Twitter’s high-stakes legal battle against some of the Indian government’s content blocking orders has been brought up in another high-profile case – that of the platform’s US lawsuit against Tesla CEO Elon Musk. for withdrawing its $44 billion takeover bid. the social media company. Musk accused Twitter of hiding his India trial from him and that his actions could jeopardize his business in the country.
Musk, in his counterclaims against Twitter’s lawsuit, said the company’s decision to challenge the Ministry of Electronics and Computing (MeitY) blocking orders was a “deviation from the normal course” since previously blocked “pro-Ukrainian accounts for the Russian government”.
Musk said that while he supports free speech, Twitter should respect the laws of the countries in which it operates. He added that the social media platform failed to inform him of his lawsuit against the Indian government, putting the company’s third market “in jeopardy”.
Twitter, in response, said its actions in India are in line with its “global practice” of challenging government requests or laws if it believes such requests are not “properly framed by local laws, are faulty procedurally or as necessary to defend the rights of its users, including freedom of expression.” The company had filed a lawsuit against MeitY in the Karnataka High Court last month, challenging a handful of the most of 1,400 restraining orders she had received.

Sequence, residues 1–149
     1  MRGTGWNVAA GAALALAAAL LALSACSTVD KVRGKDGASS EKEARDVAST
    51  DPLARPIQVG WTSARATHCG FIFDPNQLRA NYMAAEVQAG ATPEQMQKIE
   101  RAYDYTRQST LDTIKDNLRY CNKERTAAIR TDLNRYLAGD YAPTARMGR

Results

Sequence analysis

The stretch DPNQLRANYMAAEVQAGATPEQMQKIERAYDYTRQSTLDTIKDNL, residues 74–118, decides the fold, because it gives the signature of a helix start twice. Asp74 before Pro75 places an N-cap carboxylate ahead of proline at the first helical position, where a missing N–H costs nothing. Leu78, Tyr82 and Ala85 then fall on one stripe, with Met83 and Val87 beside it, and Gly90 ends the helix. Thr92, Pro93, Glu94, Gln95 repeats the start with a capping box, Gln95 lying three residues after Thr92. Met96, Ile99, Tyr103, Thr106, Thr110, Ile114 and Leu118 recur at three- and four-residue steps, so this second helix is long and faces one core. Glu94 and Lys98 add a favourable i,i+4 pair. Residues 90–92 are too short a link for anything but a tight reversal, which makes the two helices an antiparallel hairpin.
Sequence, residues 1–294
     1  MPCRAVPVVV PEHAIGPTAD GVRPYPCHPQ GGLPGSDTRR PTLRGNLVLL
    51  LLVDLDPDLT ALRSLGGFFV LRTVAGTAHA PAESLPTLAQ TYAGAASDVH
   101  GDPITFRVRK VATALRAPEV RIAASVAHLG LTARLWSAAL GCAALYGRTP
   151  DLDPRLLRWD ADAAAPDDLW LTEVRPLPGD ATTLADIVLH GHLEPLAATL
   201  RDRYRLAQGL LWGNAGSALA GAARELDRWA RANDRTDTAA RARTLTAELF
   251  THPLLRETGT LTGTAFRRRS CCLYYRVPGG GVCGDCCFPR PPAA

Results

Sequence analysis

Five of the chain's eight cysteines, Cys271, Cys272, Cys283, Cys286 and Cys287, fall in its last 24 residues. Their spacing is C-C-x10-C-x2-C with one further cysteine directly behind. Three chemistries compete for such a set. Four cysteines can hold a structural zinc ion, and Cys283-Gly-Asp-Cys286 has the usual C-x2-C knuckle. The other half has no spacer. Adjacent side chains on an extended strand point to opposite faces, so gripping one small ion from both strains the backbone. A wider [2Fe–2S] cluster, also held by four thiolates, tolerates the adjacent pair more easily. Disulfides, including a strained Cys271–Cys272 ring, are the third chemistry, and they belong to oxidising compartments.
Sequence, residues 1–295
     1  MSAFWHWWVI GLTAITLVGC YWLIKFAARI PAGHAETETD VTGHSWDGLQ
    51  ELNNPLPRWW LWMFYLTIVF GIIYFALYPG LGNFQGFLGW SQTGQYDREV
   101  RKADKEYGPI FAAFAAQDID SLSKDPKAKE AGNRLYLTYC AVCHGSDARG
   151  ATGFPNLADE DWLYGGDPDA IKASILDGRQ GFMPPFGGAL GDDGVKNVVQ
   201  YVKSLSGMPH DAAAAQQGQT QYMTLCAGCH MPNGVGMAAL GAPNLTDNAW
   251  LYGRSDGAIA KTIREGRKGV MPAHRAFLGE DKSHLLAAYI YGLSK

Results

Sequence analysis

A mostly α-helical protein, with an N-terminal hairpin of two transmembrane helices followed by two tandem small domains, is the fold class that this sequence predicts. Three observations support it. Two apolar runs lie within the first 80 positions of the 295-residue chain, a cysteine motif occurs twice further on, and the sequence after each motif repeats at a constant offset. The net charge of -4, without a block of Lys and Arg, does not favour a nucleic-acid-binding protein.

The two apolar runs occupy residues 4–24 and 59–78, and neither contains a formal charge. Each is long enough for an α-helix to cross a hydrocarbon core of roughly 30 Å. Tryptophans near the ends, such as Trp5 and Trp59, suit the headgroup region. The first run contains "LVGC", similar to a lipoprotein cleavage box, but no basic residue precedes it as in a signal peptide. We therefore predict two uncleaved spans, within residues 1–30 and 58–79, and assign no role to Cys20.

“If it (Twitter) receives a valid and appropriately scoped request from an authorized entity, it may deny access to certain content in the specific jurisdiction that issued the valid legal request or where the content has been determined to violate the local laws, but regularly pushes for limitations, opposes or otherwise challenges government demands or laws where such demands are not authorized or properly defined by local law, are defective in procedural or as necessary to defend the rights of its users,” the company said in response to Musk’s counterclaims.
Those submissions were made by Twitter in the Delaware Court of Chancery, where it sued Musk for wanting to end its agreement to buy the company. Last month, Musk said he wanted to terminate the deal to buy Twitter for $44 billion – agreed in April – because the company was in “material breach” of their agreement and made “false” statements. and misleading” during negotiations.
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The Tesla CEO also said he was stepping down because Twitter fired senior executives and a third of its talent acquisition team, violating an obligation to “preserve the material components of its current business organization virtually intact.” .
In its lawsuit against government blocking orders, Twitter told Karnataka HC that MeitY had “increasingly” issued orders to block entire accounts without informing the company of the specific tweets issued by those accounts that call for their blockage. “Several of the URLs contain political and journalistic content. The blocking of such information is a flagrant violation of the freedom of expression guaranteed to citizen-users of the platform,” the petition reads.